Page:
By Robert D. Thomas
Pasadena Star-News/San Gabriel Valley Tribune/Whittier Daily News
This article was first published today in the above papers.
As we close the books on an eventful 2012 in terms of classical music (and, of course, other areas), several important issues in our favorite genre will play themselves out in 2013. Here are three that I’ll be watching:
PASADENA POPS LEADERSHIP CHANGE
Last summer, the Pops moved into a new home at the Los Angeles County Arboretum and then was staggered by the untimely death of its iconic music director Marvin Hamlisch on Aug. 6. The orchestra moved quickly, naming another major musical figure, Michael Feinstein, to replace Hamlisch as the orchestra’s principal pops conductor. This represents a gamble as Feinstein — best known for his work in what he calls the “Great American Songbook” — has never formally conducted a symphony orchestra before. Thus, how this all unfolds will be closely watched.
One other thing to watch will be how well the Pops fares going head to head with the Cal Phil at nearby Santa Anita Racetrack and with Muse-ique (Rachael Worby’s ensemble) at Caltech. Last year, the Pops and Cal Phil didn’t play on the same days; this summer their concert dates conflict three times, including June 29 when all three groups perform on the same night.
LOS ANGELES PHILHARMONIC’S SPRING SCHEDULE
In 2012, the LAPO’s “Mahler Project” dominated the news early on. The orchestra followed with a striking, albeit controversial, production of Mozart’s Don Giovanni. This spring (May 17, 19, 25 and 25) at Walt Disney Concert Hall comes the second installment in the Phil’s Mozart/DaPonte Trilogy with The Marriage of Figaro, featuring sets designed by Pritzker Prize-winning architect Jean Nouvel and costumes by couturier Azzedine Alaïa. Gustavo Dudamel will conduct.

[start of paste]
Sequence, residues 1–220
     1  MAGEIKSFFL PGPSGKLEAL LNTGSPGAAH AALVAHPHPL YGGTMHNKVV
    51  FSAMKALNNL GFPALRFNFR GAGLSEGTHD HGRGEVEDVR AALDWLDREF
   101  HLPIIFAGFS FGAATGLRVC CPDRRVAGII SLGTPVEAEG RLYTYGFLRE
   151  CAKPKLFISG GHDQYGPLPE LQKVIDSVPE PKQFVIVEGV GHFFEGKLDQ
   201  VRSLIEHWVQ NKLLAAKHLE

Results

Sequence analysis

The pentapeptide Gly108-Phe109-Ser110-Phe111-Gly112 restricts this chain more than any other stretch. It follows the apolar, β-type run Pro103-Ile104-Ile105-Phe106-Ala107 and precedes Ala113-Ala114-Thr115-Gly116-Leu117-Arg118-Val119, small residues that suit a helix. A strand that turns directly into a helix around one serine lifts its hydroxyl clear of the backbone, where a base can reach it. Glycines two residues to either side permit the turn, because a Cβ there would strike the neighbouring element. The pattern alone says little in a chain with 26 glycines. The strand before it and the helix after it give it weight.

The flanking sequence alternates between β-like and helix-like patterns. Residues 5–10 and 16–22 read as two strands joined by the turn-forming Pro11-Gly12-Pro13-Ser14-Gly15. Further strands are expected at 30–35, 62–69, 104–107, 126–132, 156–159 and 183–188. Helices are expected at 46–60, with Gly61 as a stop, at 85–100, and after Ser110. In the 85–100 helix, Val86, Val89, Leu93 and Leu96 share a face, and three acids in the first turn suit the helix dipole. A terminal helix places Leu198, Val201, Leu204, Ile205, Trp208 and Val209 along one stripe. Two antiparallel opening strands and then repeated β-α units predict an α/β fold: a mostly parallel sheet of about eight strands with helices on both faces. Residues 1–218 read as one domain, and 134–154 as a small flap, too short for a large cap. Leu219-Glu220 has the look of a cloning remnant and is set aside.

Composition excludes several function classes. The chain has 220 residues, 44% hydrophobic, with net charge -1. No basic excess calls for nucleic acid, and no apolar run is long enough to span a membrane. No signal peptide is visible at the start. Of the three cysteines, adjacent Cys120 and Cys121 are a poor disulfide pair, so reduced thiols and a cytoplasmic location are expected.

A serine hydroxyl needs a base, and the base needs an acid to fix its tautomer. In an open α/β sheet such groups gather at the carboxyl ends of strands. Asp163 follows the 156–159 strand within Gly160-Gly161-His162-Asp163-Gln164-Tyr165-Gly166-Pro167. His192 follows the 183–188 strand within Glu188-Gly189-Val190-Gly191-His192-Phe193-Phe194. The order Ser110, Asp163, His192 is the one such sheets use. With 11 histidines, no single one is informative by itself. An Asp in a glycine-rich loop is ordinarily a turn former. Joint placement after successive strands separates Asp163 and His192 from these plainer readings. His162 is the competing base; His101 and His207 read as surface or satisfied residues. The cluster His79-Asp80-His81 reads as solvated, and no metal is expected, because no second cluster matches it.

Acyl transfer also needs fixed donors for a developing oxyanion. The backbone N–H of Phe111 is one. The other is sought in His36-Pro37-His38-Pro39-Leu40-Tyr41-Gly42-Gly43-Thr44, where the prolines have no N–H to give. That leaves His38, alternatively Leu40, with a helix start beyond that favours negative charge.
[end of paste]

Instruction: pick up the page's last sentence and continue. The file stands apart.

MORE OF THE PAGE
Two months prior (March 7, 8 and 10), Dudamel will lead his orchestra, soloists and the Los Angeles Master Chorale in the initial fully staged performances of John Adams’ The Gospel According to the Other Mary, to be directed by Peter Sellars. It will be interesting to see what, if any, musical changes Adams makes to his powerful, complex score and how Sellars’ concept affects audiences’ reaction to it.
After its introduction locally, Dudamel and the Phil will take the production on the road for a tour that includes stops in New York City, London and Paris.
2013: A MAJOR ANNIVERSARY YEAR
Next year marks the bicentennial of the births of Richard Wagner and Giuseppe Verdi and the centennial of the birth of Benjamin Britten. How will local companies celebrate these three landmarks? So far, the only thing announced officially is Los Angeles Opera’s production of Wagner’s Flying Dutchman, which is scheduled to open March 9 at the Dorothy Chandler Pavilion and continue with five more performances.
Thus, part of the intrigue in 2013 will be answered as 2013-2014 seasons are unveiled early next year and we see what else will be performed from these three musical giants.
(c) Copyright 2012, Robert D. Thomas. All rights reserved. Portions may be quoted with attribution.